Guy Storms United Flight 1074 Cockpit & Is Restrained While The Plane Turns Around
Incidents aboard airplanes seem to happen with curious frequency these days, and on Monday, shortly after Flight 1074 took off towards Denver, the United flight returned to D.C. after a passenger cockpit incident when a man refused to comply with crew instructions, the airline's spokesperson said. The man reportedly became violent trying to charge the cockpit, but other passengers restrained him in a scuffle, prompting the pilots to turn the plane around and head back to Dulles International Airport.
In a recording of the incident, one of the pilots was heard telling air traffic control:
The man met with local law enforcement at Dulles when the plane returned and was transported to the hospital for evaluation, the United spokesperson said. Though officials declined to explain the nature of the disturbance, one of the passengers on the flight told NBC News that the man was trying to reach the cockpit, and he later claimed that he had a bomb on his person.
The Washington Post reported that a supposed video of the scuffle emerged on Reddit later, showing the man, who appeared to be in his late 20s to early 30s, apologizing in tears after being subdued on the ground. One man was seen telling him,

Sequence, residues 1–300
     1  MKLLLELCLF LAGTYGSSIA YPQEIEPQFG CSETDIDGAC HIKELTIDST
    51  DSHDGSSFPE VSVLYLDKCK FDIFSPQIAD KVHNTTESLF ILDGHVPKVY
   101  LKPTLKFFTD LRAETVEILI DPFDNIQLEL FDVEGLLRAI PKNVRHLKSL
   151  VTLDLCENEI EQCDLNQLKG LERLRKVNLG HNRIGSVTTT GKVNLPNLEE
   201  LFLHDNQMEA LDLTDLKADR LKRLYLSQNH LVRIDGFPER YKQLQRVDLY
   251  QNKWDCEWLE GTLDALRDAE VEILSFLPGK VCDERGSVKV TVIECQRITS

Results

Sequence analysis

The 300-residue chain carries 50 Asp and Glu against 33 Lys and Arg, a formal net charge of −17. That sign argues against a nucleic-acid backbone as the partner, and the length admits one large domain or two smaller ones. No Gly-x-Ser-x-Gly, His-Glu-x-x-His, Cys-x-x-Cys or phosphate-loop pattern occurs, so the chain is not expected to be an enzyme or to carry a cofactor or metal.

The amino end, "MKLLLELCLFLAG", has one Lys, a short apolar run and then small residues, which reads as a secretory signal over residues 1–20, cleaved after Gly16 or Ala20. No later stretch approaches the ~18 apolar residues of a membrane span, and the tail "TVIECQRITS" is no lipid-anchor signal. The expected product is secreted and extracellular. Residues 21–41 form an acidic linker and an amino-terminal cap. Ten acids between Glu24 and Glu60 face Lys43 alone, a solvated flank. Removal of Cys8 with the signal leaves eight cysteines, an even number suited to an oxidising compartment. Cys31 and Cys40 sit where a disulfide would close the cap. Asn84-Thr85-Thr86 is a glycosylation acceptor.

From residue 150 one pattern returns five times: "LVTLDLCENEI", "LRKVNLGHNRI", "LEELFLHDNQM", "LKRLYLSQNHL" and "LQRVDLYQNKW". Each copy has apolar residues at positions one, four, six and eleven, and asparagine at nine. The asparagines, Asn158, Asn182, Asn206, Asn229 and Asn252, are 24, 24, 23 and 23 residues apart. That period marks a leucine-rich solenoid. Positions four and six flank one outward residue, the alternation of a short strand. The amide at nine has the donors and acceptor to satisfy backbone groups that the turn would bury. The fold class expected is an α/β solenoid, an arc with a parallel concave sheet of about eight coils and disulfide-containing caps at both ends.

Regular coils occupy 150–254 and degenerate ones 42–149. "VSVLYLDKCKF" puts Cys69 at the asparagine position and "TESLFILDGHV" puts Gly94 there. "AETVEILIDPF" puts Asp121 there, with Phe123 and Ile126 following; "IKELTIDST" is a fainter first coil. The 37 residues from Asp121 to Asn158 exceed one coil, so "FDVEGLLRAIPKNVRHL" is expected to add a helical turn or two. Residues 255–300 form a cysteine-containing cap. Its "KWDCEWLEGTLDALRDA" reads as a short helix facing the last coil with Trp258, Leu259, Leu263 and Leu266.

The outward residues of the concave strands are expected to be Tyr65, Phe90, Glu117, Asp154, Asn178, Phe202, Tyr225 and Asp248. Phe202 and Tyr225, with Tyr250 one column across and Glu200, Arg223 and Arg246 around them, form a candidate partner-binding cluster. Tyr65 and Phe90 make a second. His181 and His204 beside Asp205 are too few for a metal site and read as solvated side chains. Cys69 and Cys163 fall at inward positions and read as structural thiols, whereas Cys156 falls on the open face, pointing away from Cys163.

There were also reports of the man saying "jihad," though they could not be confirmed. A government official with direct knowledge of the incident said that the man ran toward the cockpit screaming "jihad, jihad," but investigations into his background have so far yielded no connection between him and any terrorist organizations. No weapons were found on the man.
Passenger Donna Tellam told ABC News that two male passengers pinned the frenetic man onto the ground, claiming that he said "jihad" several times.
Officials revealed few other details about the fracas on board the Boeing 737 that carried 33 passengers and six crew members. In the recording, the pilot was heard telling air traffic controllers that it was a "Level 2" incident, which means physically abusive behavior occurred, but nothing life-threatening. It is the second lowest out of the four levels of security in the industry.
According to ABC News, the remaining passengers were flown out to Denver Tuesday morning.